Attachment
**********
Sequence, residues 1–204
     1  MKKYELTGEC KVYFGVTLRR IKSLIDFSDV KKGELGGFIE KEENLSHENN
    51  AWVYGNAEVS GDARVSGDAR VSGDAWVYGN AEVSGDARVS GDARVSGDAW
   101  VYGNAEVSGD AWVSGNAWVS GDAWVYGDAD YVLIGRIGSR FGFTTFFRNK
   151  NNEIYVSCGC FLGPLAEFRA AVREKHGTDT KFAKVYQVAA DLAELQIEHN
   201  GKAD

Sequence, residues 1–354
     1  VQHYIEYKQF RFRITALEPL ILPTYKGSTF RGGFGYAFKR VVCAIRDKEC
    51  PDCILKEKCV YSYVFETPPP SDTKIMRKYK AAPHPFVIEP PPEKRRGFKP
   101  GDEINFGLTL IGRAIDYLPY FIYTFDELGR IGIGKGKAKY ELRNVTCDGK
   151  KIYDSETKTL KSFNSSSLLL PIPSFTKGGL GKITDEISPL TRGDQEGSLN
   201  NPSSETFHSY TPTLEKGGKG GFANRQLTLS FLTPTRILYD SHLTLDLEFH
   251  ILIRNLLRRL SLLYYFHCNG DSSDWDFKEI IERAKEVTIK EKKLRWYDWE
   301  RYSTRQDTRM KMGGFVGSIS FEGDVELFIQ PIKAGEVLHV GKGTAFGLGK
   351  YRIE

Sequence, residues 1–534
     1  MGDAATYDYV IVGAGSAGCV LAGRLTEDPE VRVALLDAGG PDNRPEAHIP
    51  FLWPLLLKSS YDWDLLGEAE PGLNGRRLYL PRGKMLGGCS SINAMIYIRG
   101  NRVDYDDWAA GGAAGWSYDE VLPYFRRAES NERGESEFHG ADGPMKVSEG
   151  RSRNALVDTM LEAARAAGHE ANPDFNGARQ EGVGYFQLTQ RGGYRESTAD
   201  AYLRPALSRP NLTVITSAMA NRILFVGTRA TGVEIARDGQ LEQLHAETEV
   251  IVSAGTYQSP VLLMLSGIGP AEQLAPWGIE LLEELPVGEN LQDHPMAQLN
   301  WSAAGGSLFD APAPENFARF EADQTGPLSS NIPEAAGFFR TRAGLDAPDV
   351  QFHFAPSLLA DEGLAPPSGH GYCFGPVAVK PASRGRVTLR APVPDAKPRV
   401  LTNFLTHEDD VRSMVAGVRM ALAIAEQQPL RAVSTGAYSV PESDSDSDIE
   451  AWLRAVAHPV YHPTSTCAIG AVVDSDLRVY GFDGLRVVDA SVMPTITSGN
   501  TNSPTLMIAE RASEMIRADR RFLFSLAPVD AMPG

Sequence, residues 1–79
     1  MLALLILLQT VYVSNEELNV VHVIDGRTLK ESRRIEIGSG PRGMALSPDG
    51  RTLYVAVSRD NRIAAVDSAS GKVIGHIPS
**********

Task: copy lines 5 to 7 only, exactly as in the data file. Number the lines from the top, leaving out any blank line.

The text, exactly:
   151  NNEIYVSCGC FLGPLAEFRA AVREKHGTDT KFAKVYQVAA DLAELQIEHN
   201  GKAD

Sequence, residues 1–354